Your family moved to the United States from Venezuela when you were 10 years old. What prompted the move?
My father was a congressman for the opposition party in Venezuela. We decided to rebuild our lives here, because it was getting ugly. We were being persecuted like a lot of opposition party members are being persecuted now. Some of the fellow congressmen my dad worked with are getting thrown in jail.
Was that why you entered Drew as a political science and economics double major?
I grew up around politics. Obviously, my father has been fighting, and he still tries to do as much as he can from the outside. I saw that fight in him, and it was appealing growing up. I saw that passion.
What was it like to participate in the inaugural New York City Semester on Social Entrepreneurship?
It is the class I’ve taken the most from at Drew so far. The most interesting part was learning about a bunch of nonprofits of all sizes—trying to see what their problems are, trying to see if there are any common issues with running a nonprofit.
And last summer you worked for a nonprofit founded by your father.
It’s called the Center for Democracy and Development in the Americas, in Washington, D.C. It basically supports NGOs that are trying to find a platform to help countries in the Americas.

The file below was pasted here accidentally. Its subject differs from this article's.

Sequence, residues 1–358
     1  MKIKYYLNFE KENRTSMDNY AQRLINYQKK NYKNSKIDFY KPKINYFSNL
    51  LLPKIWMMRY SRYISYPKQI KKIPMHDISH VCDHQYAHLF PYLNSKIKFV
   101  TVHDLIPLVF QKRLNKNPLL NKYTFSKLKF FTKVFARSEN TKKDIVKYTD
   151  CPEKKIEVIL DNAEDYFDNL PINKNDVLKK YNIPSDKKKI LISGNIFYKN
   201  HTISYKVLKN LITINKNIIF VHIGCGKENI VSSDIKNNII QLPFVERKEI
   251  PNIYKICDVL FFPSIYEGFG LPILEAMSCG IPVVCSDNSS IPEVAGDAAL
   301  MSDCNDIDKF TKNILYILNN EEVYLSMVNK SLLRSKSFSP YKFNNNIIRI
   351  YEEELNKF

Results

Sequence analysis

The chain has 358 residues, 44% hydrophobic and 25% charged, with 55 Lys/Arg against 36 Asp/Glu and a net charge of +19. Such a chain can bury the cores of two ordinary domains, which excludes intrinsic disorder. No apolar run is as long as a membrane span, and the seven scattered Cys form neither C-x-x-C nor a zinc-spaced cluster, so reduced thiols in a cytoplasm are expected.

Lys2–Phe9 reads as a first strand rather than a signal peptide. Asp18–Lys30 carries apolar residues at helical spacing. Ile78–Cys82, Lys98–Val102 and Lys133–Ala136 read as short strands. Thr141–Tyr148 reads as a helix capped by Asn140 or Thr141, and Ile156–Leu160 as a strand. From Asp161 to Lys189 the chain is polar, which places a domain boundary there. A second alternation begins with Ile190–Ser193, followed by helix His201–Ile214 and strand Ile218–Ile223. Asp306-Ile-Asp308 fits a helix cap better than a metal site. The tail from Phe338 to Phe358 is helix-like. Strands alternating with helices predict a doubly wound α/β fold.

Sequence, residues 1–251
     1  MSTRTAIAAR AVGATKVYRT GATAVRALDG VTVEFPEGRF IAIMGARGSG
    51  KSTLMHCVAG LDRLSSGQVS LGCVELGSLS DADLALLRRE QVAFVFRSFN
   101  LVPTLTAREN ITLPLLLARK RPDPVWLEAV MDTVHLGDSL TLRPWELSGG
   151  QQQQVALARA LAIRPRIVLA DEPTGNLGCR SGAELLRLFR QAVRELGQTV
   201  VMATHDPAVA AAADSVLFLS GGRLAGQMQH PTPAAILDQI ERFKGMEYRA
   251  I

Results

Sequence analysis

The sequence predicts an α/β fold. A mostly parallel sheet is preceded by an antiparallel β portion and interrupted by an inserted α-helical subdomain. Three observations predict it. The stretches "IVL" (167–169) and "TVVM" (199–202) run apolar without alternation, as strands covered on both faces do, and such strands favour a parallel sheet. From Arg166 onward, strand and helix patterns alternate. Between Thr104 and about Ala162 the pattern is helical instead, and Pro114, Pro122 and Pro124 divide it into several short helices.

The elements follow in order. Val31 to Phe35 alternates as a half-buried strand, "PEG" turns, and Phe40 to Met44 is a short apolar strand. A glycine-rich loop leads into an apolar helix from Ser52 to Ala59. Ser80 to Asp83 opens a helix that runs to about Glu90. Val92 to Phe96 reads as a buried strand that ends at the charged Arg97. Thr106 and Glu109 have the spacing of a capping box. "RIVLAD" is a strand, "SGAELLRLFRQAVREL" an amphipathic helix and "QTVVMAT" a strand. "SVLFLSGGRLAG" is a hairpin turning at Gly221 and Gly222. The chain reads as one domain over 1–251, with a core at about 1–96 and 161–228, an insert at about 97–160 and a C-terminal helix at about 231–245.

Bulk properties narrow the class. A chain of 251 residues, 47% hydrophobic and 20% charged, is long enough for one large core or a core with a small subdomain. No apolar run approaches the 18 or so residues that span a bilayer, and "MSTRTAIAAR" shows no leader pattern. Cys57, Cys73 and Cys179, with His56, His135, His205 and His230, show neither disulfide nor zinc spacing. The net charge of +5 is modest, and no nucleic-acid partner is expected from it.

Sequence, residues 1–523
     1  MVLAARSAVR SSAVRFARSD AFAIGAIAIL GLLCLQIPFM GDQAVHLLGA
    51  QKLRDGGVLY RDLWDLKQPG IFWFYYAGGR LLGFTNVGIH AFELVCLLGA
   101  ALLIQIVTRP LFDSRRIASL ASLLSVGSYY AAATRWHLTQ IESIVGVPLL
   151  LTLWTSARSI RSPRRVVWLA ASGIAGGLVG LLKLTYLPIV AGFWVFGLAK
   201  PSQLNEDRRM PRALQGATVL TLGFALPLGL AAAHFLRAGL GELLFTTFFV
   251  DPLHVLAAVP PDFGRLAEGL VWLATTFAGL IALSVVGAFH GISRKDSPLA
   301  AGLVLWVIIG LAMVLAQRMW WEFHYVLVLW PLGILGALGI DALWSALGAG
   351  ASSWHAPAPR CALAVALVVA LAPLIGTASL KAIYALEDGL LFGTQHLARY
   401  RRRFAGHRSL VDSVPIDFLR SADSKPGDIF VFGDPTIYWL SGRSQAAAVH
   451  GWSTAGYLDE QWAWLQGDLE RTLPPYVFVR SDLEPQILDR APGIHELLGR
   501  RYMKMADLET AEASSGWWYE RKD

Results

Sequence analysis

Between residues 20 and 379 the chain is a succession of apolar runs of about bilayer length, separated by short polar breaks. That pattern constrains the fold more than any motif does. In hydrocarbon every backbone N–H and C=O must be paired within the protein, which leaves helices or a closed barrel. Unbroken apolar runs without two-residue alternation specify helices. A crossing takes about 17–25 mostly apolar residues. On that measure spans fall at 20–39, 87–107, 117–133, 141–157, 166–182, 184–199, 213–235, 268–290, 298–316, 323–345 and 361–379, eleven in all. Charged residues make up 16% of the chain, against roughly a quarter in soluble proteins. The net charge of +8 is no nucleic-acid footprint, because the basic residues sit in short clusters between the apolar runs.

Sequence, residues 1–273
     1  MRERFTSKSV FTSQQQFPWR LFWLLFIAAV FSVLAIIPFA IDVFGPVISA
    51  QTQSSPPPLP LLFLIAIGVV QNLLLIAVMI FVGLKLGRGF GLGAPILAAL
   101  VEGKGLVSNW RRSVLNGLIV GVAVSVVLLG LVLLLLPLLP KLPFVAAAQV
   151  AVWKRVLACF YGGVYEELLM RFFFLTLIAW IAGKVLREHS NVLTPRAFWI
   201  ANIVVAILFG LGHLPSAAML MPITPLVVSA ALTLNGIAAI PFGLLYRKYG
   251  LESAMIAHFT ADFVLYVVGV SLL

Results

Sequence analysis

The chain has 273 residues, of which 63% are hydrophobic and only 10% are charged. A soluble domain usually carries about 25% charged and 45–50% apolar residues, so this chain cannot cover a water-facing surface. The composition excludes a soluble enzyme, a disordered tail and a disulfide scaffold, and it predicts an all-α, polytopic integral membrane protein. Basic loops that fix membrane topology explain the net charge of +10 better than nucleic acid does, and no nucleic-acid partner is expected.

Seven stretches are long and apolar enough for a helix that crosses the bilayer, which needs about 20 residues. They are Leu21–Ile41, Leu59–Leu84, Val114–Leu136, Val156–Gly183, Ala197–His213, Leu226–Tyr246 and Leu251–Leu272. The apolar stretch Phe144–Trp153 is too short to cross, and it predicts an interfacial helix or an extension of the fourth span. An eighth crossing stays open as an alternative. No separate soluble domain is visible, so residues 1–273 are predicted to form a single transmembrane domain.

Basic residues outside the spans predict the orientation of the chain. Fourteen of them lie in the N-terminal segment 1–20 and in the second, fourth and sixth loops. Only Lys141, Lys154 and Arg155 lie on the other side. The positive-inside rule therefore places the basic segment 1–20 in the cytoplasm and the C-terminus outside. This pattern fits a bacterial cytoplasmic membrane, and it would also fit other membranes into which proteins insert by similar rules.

What kind of work did you do?
It was a great experience. I learned skills that you otherwise wouldn’t learn, like grant writing. Most of their work deals with Venezuela. For me that was the reason I wanted to do that. Obviously, a lot of my family is still back over there.
Do you have plans to return to Venezuela some day?
I haven’t been able to go back for the last five years. I don’t have an interest to go because it’s so unsafe. It’s sad that the place you were born and raised in, you’re scared to go back to. I wish that one day I won’t have to be scared to see my roots.
On a happier note, how’s the soccer team look this fall?
Some players who were very important to the team graduated. But we have a good class coming in and a good base coming back. Honestly, I think we might catch people by surprise.